The results of this trial do not suggest that homeopathic arnica has an advantage over placebo in reducing postoperative pain, bruising and swelling in patients undergoing elective hand surgery.

Effects of Topical Arnica Gel on Post-Laser Treatment Bruises (full text pay-walled)


background. Claims have been made suggesting that topical arnica prevents and speeds the resolution of bruises, yet there are no well-designed placebo-controlled studies to date evaluating topical arnica's effect on bruising.

objective. To compare the efficacy of topical arnica in the prevention and resolution of laser-induced bruising.

methods. Nineteen patients with facial telangiectases were enrolled in this randomized, double-blinded, placebo-controlled study and were divided into pretreatment and posttreatment groups. The pretreatment group applied arnica with vehicle to one side of the face and vehicle alone to the other side of the face twice a day for 2 weeks prior to laser treatment. The posttreatment group followed the same procedure for 2 weeks after laser treatment. On day 0, all patients were treated for facial telangiectases using a 585 nm pulsed dye laser. Bruising was assessed using a visual analog scale on days 0, 3, 7, 10, 14, and 17 by the patient and the physician. In addition, photographs taken at each of the follow-up visits were later assessed by a second physician using the visual analog scale.

results. There was no statistically significant difference between the mean scores of arnica and vehicle (P = 0.496) and the mean scores of arnica and vehicle (P = 0.359) in the pretreatment and posttreatment groups, respectively.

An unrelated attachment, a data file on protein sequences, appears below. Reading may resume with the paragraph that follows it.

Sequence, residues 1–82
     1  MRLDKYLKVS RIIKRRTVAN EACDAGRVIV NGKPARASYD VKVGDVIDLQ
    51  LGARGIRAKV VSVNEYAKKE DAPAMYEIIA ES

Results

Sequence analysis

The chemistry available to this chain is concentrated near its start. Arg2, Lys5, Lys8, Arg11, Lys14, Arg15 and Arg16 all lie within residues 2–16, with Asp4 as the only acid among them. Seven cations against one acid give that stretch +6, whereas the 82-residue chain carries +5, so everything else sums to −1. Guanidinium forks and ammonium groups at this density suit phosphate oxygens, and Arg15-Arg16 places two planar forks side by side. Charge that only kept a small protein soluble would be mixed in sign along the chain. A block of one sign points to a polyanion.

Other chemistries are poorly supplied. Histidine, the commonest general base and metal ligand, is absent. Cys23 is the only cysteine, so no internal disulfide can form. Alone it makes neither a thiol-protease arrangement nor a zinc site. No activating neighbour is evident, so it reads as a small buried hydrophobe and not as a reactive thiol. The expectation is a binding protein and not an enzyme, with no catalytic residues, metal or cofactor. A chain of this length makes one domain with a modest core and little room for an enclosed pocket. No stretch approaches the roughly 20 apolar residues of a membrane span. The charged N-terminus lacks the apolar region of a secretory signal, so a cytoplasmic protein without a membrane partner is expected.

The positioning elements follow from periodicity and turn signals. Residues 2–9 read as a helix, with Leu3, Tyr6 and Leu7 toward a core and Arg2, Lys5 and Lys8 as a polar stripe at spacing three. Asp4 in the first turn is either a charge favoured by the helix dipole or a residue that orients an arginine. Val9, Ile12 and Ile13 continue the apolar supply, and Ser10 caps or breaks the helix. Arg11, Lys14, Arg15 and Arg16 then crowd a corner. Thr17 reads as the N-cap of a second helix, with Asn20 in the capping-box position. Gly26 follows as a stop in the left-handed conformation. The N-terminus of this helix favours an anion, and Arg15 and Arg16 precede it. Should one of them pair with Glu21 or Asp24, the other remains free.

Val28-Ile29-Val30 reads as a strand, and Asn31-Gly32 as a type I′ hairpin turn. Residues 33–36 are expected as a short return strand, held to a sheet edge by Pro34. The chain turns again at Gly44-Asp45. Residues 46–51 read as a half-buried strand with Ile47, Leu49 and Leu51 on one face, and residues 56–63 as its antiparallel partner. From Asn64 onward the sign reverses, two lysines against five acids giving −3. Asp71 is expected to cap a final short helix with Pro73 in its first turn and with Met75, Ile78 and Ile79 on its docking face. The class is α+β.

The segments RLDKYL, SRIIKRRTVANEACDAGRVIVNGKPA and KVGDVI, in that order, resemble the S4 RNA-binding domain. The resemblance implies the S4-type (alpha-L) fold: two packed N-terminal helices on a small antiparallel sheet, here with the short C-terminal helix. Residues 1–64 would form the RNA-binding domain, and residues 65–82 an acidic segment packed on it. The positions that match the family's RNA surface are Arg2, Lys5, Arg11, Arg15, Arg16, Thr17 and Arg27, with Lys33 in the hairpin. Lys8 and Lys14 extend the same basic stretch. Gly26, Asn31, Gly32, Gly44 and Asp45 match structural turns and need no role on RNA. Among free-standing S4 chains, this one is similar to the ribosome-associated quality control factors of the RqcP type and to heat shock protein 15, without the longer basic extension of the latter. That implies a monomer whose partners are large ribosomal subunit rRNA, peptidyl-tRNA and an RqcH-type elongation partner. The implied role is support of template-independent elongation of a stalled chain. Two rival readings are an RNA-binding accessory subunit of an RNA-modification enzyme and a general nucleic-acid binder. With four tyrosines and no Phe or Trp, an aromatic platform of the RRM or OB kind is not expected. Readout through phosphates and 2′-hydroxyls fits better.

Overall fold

conclusion. No significant difference was found between topical arnica and vehicle in the prevention or resolution of bruising.

Accelerated resolution of laser-induced bruising with topical 20% arnica: a rater-blinded randomized controlled trial (full text pay-walled)


Background  Dermatological procedures can result in disfiguring bruises that resolve slowly.

Objectives  To assess the comparative utility of topical formulations in hastening the resolution of skin bruising.

Methods  Healthy volunteers, age range 21–65 years, were enrolled for this double (patient and rater) blinded randomized controlled trial. For each subject, four standard bruises of 7 mm diameter each were created on the bilateral upper inner arms, 5 cm apart, two per arm, using a 595-nm pulsed-dye laser (Vbeam; Candela Corp., Wayland, MA, U.S.A.). Randomization was used to assign one topical agent (5% vitamin K, 1% vitamin K and 0·3% retinol, 20% arnica, or white petrolatum) to exactly one bruise per subject, which was then treated under occlusion twice a day for 2 weeks. A dermatologist not involved with subject assignment rated bruises [visual analogue scale, 0 (least)–10 (most)] in standardized photographs immediately after bruise creation and at week 2.

Results  There was significant difference in the change in the rater bruising score associated with the four treatments (anova, P = 0·016). Pairwise comparisons indicated that the mean improvement associated with 20% arnica was greater than with white petrolatum (P = 0·003), and the improvement with arnica was greater than with the mixture of 1% vitamin K and 0·3% retinol (P = 0·01). Improvement with arnica was not greater than with 5% vitamin K cream, however.

Conclusions  Topical 20% arnica ointment may be able to reduce bruising more effectively than placebo and more effectively than low-concentration vitamin K formulations, such as 1% vitamin K with 0·3% retinol.

Effect of Homeopathic Arnica montana on Bruising in Face-lifts Results of a Randomized, Double-blind, Placebo-Controlled Clinical Trial (full text linked)


Objectives To design a model for performing reproducible, objective analyses of skin color changes and to apply this model to evaluate the efficacy of homeopathic Arnica montana as an antiecchymotic agent when taken perioperatively.